US Federal Reserve downgrades economic outlook, keeps interest rates low (+ analysis); UN calls for more Pakistan flood aid, says international response is disappointing; Venezuela and Colombia restore ties; FIFA investigates reports the North Korean football coach has been sentenced to hard labour; and more
Top of the Agenda: Worried About Recovery, Fed to Buy US Debt
The US Federal Reserve, expressing concern over economic recovery (NYT), said Tuesday it plans to reinvest the proceeds of maturing mortgages in long-term US Treasury debt.
Fed officials downgraded their economic outlook, saying the "pace of recovery in output and employment has slowed in recent months" and in the near term was likely to be "more modest" than anticipated. The Fed repeated its commitment to keep its target for the federal funds rate (WSJ), at which banks lend to each other overnight, at "exceptionally low levels" for an "extended period." The decision is a turnabout from only a few months ago, when officials were discussing when and how to raise interest rates and gradually shrink the $2.3 trillion balance sheet amassed through the Fed's response to the 2008 financial crisis.
The Fed's move drew mixed reactions from the markets (FT). In the United States, stocks reversed and pared their losses, closing at their highest point of the day. But in early trading on Wednesday, Asian markets fell to a two-week low. European shares were also lower, with the steepest declines in the UK and Germany. Meanwhile, on Tuesday, President Barack Obama signed an emergency $26 billion jobs bill (AP) that Democrats say will save three hundred thousand teachers, police, and others from election-year layoffs.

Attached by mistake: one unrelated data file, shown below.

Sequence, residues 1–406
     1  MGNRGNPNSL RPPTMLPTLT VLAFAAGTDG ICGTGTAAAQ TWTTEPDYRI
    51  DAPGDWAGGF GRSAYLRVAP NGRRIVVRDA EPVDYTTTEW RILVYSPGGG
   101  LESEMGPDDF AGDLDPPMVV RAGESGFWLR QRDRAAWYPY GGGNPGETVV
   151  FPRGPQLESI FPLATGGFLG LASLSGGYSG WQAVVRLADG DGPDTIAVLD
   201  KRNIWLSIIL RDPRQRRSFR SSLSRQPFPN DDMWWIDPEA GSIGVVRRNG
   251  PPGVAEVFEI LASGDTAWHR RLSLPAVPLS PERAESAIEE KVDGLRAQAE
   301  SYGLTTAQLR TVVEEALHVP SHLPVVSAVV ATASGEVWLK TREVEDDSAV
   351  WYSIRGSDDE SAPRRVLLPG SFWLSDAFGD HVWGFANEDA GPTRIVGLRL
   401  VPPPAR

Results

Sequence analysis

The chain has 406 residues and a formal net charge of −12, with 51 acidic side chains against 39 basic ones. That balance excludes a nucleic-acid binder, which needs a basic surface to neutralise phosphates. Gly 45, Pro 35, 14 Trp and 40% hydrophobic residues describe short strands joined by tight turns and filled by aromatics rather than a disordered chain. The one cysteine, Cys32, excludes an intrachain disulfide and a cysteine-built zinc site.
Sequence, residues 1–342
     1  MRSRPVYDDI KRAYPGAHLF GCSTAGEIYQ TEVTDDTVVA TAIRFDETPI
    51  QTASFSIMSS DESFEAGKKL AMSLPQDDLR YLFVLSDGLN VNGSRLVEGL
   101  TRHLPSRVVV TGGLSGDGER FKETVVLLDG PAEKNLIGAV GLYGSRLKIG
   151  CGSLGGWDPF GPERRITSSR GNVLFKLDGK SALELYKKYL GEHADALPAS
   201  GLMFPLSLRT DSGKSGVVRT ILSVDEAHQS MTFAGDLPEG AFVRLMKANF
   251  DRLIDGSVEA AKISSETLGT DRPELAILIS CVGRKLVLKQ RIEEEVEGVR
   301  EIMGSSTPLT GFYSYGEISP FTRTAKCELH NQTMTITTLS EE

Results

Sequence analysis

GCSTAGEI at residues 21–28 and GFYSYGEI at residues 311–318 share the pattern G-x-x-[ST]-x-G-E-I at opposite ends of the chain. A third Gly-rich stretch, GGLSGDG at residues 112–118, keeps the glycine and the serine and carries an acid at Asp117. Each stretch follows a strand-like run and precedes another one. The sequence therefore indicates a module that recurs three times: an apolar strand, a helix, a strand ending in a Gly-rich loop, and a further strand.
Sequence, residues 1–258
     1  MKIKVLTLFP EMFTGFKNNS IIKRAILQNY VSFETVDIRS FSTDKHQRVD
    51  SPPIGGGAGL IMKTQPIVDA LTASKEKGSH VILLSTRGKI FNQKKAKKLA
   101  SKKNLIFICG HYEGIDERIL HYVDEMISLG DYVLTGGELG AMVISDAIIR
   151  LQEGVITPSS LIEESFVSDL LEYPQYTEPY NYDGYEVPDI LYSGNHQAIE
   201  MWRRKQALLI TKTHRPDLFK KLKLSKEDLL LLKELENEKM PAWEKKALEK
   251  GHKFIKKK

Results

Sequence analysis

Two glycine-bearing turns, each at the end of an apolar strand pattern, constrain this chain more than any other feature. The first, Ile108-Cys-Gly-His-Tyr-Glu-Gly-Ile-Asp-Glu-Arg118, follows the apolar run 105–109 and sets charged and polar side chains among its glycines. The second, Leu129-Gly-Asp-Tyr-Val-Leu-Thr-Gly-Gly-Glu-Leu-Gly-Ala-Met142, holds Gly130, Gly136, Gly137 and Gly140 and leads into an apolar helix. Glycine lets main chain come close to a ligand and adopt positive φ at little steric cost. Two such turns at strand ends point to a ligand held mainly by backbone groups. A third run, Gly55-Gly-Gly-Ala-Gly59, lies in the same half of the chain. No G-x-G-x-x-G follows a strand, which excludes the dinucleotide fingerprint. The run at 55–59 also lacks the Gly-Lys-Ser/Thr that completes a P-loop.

Read economists' reaction to Fed's latest policy here (WSJ).
In the New York Times blog Economix, Catherine Rampell says the Fed has made history by adding a new benchmark to control its monetary policy: the size of its balance sheet.
Read the full text of Fed statement from Tuesday's meeting here.
Phil Izzo of the Wall Street Journal compares the Fed's latest statement with that in June to see what has changed.
PACIFIC RIM: China's Economy Slows
Key drivers of China's economic growth--investment and factory output--continued to cool (Reuters) in July, as the government steadily steered credit growth back to normal after a record lending spree in 2009 to counter the global financial crisis. The statistics, released by the government, were generally in line with market expectations. Meanwhile, China's trade surplus surged last month to its highest level in eighteen months, as growth in imports slowed and exports rose.
North Korea: Football's governing body, FIFA, launched an investigation (BBC) into allegations that North Korea punished the coach and some players after its team lost all its World Cup matches. Radio Free Asia alleged last month that the squad was publicly humiliated and coach Kim Jong-Hun sentenced to hard labor.
This is an excerpt of the CFR.org Daily News Brief. The full version is available on CFR.org